“Fifty-five million,” growls Early Wynn, who growls a lot on this topic.

But speaking on behalf of the players association, Gene Orza, the associate general counsel in the union’s New York City office, does not express vast sympathy for Early’s crusade. “It is based far more on emotion than on logic,” he told me in a telephone call to his office.“It is nothing more than a request for charity. I ask you, what other union in the world, after an agreement is struck, comes around asking for more money for the old members? Does the United Auto Workers do that? It’s not the role of our association to go to Babe Ruth’s widow and say, ‘Oh, Mrs. Ruth, Babe did so much for baseball, here’s some more money for you.’

“Yes, today’s players have large pension plans, but don’t forget that these people who get the money put their own money at risk. Early Wynn and his group never went on strike to back up their stand. Today’s players put their necks on the line. I understand that emotion of Early Wynn’s but, no, not the logic.”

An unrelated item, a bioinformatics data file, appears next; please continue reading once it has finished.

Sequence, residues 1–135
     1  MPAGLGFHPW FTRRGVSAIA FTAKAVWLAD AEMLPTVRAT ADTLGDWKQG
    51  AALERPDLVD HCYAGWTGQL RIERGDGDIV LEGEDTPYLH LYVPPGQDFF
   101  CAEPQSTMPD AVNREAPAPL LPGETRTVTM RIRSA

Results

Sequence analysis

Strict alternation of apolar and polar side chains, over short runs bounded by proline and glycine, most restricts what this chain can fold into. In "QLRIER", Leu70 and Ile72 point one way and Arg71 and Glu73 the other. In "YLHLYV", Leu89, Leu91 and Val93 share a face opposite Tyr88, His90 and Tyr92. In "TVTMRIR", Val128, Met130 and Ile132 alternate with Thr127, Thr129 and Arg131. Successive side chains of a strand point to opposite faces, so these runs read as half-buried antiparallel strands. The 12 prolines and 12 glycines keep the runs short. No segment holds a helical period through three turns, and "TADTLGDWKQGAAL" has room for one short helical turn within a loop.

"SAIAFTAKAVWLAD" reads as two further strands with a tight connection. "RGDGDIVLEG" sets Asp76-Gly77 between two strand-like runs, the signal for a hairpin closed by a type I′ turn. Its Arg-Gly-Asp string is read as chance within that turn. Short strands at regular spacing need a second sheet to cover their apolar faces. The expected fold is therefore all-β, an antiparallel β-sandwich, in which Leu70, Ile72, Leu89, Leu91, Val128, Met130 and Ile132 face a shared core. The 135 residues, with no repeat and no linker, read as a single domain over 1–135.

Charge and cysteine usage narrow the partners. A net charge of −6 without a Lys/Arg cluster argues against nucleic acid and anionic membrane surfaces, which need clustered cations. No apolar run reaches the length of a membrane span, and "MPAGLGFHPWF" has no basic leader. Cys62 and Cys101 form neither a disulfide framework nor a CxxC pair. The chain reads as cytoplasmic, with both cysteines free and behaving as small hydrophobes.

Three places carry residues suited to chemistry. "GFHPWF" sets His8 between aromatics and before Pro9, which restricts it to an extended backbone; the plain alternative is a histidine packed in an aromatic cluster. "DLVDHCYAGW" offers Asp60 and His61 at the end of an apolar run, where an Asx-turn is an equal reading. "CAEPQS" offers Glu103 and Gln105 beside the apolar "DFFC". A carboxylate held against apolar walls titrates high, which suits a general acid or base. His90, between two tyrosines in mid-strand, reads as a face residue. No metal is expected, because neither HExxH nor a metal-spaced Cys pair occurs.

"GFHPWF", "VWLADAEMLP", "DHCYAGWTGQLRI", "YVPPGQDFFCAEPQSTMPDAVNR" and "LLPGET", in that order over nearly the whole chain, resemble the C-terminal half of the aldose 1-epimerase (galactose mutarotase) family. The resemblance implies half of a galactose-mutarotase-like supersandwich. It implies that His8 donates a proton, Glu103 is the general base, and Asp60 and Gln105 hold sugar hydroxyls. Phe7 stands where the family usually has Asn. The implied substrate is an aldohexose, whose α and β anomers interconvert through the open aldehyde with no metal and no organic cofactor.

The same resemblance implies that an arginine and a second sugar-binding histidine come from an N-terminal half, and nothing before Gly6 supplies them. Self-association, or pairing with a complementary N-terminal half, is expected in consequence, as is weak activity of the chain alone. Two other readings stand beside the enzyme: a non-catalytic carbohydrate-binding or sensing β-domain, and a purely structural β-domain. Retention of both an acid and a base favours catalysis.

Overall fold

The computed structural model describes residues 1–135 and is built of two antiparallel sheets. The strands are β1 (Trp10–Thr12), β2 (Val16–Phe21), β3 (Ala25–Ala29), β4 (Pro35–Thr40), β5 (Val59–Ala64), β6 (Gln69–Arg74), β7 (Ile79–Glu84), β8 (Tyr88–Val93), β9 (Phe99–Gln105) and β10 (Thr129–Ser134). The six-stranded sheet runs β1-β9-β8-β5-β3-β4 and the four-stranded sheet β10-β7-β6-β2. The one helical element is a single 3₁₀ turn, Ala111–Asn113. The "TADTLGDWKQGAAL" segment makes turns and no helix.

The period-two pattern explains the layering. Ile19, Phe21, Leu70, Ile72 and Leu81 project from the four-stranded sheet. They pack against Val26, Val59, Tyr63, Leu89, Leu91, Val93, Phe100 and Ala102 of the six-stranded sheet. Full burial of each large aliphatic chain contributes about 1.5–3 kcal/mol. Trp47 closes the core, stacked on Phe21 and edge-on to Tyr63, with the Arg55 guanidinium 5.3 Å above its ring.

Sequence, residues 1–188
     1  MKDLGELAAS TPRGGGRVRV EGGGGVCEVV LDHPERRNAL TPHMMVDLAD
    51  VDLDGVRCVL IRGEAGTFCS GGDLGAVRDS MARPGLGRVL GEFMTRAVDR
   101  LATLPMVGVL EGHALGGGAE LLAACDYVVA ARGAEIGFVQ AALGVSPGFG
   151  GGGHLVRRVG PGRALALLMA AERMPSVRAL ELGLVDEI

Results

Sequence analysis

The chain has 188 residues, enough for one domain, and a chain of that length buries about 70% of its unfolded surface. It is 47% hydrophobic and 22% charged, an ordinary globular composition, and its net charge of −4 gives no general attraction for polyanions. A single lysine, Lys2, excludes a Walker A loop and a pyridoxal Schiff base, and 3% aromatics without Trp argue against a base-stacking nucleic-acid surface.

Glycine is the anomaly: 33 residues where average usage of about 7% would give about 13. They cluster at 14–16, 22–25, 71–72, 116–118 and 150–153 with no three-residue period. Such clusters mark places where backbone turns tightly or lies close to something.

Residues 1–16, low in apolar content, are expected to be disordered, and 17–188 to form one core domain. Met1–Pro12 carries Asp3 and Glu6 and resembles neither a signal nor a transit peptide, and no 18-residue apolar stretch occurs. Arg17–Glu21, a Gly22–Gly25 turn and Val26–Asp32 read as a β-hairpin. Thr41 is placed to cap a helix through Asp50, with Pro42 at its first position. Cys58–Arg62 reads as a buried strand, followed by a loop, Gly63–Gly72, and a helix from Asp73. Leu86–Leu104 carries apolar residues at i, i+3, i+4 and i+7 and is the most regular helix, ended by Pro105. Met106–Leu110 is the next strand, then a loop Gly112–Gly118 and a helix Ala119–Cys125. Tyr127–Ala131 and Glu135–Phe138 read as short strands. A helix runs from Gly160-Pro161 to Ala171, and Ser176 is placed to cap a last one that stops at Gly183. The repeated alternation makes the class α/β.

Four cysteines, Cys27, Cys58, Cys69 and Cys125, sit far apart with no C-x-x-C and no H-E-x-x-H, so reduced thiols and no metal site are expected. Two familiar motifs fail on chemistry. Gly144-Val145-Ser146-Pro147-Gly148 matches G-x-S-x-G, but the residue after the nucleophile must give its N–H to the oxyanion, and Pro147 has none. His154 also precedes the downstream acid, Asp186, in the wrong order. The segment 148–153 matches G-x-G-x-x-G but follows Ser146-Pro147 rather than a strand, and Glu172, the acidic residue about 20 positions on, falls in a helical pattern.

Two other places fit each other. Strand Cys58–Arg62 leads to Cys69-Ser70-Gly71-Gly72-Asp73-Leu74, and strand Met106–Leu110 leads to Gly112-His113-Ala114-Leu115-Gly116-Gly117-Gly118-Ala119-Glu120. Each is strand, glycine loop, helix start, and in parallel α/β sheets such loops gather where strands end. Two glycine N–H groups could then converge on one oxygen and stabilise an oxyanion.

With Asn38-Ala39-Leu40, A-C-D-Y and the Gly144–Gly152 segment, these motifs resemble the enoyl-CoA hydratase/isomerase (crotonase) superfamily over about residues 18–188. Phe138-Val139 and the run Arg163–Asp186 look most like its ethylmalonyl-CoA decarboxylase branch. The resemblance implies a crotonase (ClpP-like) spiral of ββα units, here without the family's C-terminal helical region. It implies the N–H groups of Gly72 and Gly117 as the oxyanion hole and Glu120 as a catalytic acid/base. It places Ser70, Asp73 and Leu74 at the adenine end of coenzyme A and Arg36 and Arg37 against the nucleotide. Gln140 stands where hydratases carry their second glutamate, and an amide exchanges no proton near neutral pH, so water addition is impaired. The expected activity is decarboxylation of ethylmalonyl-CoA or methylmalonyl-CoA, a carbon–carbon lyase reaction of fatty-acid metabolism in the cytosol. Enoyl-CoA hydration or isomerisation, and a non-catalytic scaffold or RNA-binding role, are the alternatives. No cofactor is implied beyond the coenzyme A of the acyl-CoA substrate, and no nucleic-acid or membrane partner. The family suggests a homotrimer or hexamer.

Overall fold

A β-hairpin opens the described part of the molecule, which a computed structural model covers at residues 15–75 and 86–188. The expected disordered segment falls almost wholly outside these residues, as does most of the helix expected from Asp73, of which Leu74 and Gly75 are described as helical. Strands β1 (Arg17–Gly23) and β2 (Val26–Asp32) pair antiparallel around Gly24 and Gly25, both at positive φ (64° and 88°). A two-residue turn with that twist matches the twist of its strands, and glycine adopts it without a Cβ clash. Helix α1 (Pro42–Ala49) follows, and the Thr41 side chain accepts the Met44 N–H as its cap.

Early made his most recent appeal for a pension increase in Washington last November in the office of a former big-league pitcher, Jim Bunning, now a Republican congressman from Kentucky. Robin Roberts, a former Philadelphia Phillies pitcher, accompanied Early. Representing the players association was its executive director, Donald Fehr.

“We presented a program we’d like to see implemented,” Early recalled in Buffalo. “Fehr talked sympathetic, but I can’t read his mind. He was supposed to give us the word in April. But he didn’t.” And, luckily, Early hasn’t been holding his breath waiting for the millionaires to adjust their mind-sets.